Trump Wants to Boldly Go Where No Man Has Gone Before… Establishing a U.S. Space Force

Pop Quiz: Which of our nation’s five established military branches is the youngest? I’ll provide the answer at the tail end of this piece.

I bring this up because there is a chance the U.S. will add a sixth branch soon. (The other five are the Army, Navy, Air Force, Marines and Coast Guard.)

Last month, President Donald Trump directed the Pentagon to establish a “Space Force” as the sixth and newest branch. This is to ensure American dominance “on the high frontier.”

He made the announcement while speaking at a National Space Council meeting at the White House.

Plenty of “Space” for Discussion

Trump also called for his administration’s third Space Policy Directive. This one would establish new protocols and procedures to manage and track the increasing number of satellites in low-Earth orbit.

Not to mention the tens of thousands of pieces of space junk and debris that pose risks to spacecraft.

One of the previous Space Policy Directives called for returning humans to the moon before missions to Mars.

The other was aimed at streamlining the federal space bureaucracy. That’s to reduce red tape on licensing and the oversight of commercial space activity.

Trump Seeks ‘American Dominance in Space’

“My administration is reclaiming America’s heritage as the world’s greatest space-faring nation,” Trump said.
To put it in perspective, it has been nearly 46 years since the last manned mission on the moon occurred with our current space program.

“The essence of the American character is to explore new horizons and to tame new frontiers. But our destiny, beyond the Earth, is not only a matter of national identity, but a matter of national security.”

Trump said that in the future, defending America will require not just a presence in space. But also, “American dominance in space.”

Although the president did not provide more details, it’s obvious this would be a huge undertaking. There will be much congressional debate before it’s a done deal.

An Idea Whose Time Has Come?

Some people argue that in the 21st century, it just makes sense. We’re already using space for satellite-based intelligence. Plus communications, weapons command, cyber capabilities and secure communications.

Over time, it will become more important to protect those assets. Especially because Russia and China have developed anti-satellite weapons. In fact, China recently made a dramatic showing of shooting down one of its own disabled satellites.

Needless to say, there will be pushback to Trump’s initiative.

Democratic Senator Bill Nelson of Florida tweeted that military generals don’t want a new military branch. He added that “now is NOT the time to rip the Air Force apart. Too many important missions at stake.”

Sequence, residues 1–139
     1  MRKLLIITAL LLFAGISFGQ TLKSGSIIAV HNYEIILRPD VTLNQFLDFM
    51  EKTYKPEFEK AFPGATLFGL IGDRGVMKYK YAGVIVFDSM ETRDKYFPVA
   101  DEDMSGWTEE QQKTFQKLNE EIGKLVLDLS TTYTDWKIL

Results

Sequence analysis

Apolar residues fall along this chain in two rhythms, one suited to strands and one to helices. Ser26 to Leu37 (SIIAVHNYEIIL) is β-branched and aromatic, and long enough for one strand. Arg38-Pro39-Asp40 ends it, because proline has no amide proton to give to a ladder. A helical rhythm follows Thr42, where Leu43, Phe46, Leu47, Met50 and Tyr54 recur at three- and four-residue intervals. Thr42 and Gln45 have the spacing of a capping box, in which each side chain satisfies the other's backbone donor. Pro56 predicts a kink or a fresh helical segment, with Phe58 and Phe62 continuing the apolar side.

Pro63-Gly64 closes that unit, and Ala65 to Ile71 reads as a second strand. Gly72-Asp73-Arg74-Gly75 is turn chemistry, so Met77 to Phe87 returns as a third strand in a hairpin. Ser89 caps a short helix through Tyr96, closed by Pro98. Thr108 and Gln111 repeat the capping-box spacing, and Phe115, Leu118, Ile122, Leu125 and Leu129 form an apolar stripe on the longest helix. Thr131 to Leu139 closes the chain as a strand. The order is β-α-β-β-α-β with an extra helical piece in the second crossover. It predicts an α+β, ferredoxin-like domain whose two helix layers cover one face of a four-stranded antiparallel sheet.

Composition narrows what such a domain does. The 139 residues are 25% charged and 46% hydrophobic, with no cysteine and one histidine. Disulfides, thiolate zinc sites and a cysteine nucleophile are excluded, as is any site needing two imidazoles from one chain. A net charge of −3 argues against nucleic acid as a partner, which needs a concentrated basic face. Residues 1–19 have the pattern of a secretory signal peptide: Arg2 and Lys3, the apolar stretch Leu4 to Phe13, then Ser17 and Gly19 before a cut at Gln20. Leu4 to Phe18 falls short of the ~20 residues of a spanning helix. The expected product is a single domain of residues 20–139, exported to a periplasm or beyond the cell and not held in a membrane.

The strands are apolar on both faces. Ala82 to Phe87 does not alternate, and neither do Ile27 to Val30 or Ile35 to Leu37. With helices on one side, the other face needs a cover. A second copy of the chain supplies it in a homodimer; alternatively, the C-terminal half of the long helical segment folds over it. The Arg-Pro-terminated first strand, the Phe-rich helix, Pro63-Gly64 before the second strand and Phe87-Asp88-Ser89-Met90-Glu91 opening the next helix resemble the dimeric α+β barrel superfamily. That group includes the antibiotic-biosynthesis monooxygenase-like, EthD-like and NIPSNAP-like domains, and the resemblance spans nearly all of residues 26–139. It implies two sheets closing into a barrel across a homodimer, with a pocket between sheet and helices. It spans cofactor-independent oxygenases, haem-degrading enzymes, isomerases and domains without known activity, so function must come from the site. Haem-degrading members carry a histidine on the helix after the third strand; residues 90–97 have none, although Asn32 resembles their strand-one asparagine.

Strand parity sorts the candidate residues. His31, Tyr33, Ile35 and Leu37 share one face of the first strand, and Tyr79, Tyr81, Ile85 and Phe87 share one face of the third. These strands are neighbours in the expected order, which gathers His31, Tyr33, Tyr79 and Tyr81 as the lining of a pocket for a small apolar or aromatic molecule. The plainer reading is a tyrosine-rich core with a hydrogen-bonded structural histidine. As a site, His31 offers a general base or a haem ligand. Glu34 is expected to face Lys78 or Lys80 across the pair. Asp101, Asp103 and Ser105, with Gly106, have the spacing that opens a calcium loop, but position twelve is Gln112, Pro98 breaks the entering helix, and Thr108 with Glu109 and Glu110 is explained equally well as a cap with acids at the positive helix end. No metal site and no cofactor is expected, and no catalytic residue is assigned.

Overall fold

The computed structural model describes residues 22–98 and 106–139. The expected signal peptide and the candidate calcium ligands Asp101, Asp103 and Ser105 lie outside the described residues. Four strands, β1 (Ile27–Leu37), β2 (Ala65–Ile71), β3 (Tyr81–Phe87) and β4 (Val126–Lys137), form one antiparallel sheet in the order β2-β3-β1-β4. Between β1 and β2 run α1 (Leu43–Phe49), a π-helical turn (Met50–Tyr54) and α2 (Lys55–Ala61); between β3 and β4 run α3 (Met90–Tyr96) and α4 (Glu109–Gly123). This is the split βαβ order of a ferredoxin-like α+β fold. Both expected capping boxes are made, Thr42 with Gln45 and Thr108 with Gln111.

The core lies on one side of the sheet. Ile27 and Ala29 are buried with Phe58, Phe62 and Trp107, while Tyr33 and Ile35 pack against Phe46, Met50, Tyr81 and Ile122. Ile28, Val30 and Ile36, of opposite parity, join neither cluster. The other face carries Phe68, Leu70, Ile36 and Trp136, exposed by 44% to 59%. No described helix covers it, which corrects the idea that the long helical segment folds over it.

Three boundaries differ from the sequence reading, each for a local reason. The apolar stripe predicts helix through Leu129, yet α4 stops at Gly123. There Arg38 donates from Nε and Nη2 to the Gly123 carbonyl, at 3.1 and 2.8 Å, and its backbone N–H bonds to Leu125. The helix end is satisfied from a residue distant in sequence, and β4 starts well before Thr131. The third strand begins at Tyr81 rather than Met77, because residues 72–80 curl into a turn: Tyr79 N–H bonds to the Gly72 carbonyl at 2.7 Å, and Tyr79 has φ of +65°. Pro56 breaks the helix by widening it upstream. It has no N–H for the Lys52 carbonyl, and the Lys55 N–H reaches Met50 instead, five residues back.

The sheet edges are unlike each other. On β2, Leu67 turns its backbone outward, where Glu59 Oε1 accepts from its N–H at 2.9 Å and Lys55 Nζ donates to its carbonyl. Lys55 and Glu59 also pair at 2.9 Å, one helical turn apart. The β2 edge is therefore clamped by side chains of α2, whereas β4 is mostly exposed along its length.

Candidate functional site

Progress Already Being Made

But Secretary of Commerce Wilbur Ross and Secretary of Transportation Elaine Chao said they’re making good progress on Trump’s Space Policy Directives.

That includes reducing red tape in the commercial space market. And encouraging private-sector development of low-Earth orbit, including space tourism.

And NASA’s new administrator, Jim Bridenstine, said his agency is developing concepts for an orbital “gateway” space station.

It would circle the moon and serve as a base of operations. It would also be a jumping off point for future flights into deep space.

Bipartisan Support Needed for Longevity

There is a Republican in the White House. And there are Republican majorities in the House and Senate right now.

So, the GOP could possibly use those advantages to push these space initiatives through.

But, gaining bi-partisan support for these plans would be the wise course of action. Otherwise, an eventual change in leadership could result in having everything overturned.

As Terry Virts, a veteran shuttle astronaut and space station crew member, said, “Getting back to the moon and eventually to Mars does not depend on rocket science. It depends on political science.”

What Do You Think?

Ok, as promised, here’s the answer to that trivia question I asked at the beginning of this email.

Our nation’s youngest military branch is…

The Air Force. Added shortly after World War II, the U.S. Air Force is “only” 71 years old.

Now I’d love to hear what you think.

How do you feel about President Trump’s idea for a U.S. Space Force?

Do you believe it’s necessary to protect Americans in the 21st century?

Leave a comment below and let us know your thoughts.

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